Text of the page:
Taking a look at installed drivers is a hassle free job which during our testing took way under a minute to complete. All the drivers are listed on the application's interface, but to be frank, the view is not among the best DriverMax can provide. Instead, you can save a report in HTML or TXT format. I would go for HTML view as it is the most comfortable and each item is clearly separated. The details available include the date of the driver, producing company and if it signed by the manufacturer.
Reports can be customized to show driver versions currently in use, phantom devices (devices installed on the system and then removed, e.g. USB connecting gimmicks), hidden ones (those not displayed in Windows Device Manager), Windows' default or those without an INF file (these cannot be exported).
Updates and Identification menu comes with three options tailored to provide information on the state of installed drivers, identification of unknown hardware and updating the application to its latest version. Both driver updating and hardware identifications are displayed in a webpage and it will not take long for the application to come up with the list. The downside is that when updated versions of the drivers is displayed you do not have the possibility of downloading the latest versions.
The webpage comes with a download button but downloading is not a feature available for now. However, the service is good for letting you know which items need your attention and you can attempt a manual search and download of the items. At least it is better than nothing.
Popular Hardware menu helps users select the best hardware for making the transition to Vista as hassle free as possible. The web service also makes available a list with the best-rated video cards and CPUs by Windows Experience. Unfortunately, the list only comprises display adapters and processors, but that should be sufficient in making your choice.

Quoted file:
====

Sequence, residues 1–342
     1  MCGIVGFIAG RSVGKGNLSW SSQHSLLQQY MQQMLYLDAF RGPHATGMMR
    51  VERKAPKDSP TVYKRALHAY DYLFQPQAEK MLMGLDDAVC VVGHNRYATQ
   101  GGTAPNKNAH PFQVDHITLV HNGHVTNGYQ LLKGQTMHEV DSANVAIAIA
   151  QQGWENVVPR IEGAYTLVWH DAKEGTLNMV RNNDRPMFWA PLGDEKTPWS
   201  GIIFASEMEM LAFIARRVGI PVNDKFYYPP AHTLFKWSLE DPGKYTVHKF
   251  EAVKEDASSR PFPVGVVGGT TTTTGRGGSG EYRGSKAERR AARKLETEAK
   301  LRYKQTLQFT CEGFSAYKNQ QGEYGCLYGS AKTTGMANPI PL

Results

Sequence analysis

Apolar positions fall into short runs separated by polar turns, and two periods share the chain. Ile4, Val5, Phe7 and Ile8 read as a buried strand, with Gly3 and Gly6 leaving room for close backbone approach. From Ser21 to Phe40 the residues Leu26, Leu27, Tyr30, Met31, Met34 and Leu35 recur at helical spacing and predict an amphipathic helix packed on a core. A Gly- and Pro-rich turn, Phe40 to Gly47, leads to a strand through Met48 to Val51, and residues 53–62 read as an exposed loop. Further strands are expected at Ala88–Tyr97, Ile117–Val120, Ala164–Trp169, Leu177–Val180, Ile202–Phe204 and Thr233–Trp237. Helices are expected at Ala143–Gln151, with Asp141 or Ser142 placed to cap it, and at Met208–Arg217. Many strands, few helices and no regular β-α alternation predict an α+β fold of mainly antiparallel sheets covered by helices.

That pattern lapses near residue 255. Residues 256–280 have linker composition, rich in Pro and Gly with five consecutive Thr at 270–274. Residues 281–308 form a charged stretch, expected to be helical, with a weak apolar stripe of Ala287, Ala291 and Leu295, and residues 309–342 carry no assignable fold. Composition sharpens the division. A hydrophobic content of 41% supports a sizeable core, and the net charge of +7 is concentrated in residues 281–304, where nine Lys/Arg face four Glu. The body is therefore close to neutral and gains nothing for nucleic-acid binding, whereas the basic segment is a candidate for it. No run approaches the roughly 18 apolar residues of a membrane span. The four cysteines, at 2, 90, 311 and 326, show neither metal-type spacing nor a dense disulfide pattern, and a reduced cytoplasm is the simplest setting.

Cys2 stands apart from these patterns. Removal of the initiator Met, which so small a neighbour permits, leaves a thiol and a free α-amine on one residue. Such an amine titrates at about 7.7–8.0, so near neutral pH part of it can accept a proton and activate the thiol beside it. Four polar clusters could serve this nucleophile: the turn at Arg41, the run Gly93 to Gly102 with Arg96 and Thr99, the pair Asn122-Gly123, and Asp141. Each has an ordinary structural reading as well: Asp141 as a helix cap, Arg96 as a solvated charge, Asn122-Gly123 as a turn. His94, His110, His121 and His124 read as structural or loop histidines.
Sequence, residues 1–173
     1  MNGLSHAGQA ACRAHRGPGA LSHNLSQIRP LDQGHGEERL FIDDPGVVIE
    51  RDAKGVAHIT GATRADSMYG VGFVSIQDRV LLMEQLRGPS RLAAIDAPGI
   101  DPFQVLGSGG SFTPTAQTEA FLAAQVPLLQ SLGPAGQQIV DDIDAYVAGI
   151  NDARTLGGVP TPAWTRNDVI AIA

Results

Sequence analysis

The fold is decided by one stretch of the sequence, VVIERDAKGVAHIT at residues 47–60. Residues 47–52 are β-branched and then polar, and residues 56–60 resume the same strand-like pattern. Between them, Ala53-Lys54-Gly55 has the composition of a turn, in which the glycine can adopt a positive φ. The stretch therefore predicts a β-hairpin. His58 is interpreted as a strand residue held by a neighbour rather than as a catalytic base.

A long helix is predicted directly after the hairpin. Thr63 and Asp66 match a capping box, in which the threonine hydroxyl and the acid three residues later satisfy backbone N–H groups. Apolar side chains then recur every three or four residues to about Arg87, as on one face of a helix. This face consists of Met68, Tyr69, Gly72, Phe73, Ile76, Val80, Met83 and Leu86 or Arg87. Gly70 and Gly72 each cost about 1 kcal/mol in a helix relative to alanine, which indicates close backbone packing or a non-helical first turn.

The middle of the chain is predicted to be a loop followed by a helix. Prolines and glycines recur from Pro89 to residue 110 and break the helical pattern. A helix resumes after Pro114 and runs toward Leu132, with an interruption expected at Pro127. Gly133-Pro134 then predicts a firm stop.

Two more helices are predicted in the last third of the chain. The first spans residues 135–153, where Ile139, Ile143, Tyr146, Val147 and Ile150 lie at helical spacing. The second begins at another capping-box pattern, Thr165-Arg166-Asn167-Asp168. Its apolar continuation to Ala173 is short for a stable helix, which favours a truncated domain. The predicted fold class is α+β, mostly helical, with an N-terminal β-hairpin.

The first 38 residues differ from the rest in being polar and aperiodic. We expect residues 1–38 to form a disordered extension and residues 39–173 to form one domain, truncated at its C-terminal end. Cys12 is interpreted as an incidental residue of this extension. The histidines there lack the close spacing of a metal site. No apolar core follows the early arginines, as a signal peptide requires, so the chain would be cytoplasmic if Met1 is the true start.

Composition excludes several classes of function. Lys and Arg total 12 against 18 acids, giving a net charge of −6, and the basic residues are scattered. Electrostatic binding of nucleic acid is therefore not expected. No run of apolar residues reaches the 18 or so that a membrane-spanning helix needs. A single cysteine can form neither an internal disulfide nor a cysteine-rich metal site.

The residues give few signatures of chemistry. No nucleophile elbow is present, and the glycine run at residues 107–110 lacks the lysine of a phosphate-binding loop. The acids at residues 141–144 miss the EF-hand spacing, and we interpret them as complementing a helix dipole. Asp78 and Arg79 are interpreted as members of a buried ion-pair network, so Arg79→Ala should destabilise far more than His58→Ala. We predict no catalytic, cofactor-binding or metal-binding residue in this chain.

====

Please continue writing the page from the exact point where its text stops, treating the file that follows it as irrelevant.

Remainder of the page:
DriverMax detects a myriad of drivers installed on your system, including those that are not in use and are brought by Windows.
Users can choose which drivers to backup and check if the latest version installed corresponds to the latest release from the manufacturer.
Driver download is not supported yet, but I gather the developer will implement this feature as well.
Listing detected drivers in a TXT file is not quite the best of choices but for a better view, you can use HTML report.
The application is freeware and does a great job with both backing up and restoring the drivers. All it needs after restoration is a single restart of the computer. No more hassle, no more restarts after each driver installation (well, I generally postpone this action until most drivers are installed), no more looking for them on the manufacturer's website.
Although it does not provide download links of the latest driver versions, it is definitely an asset for any computer user. I would recommend running it every once in a while in order to backup whatever drivers are updated by Windows.
Here are some snapshots of the application in action: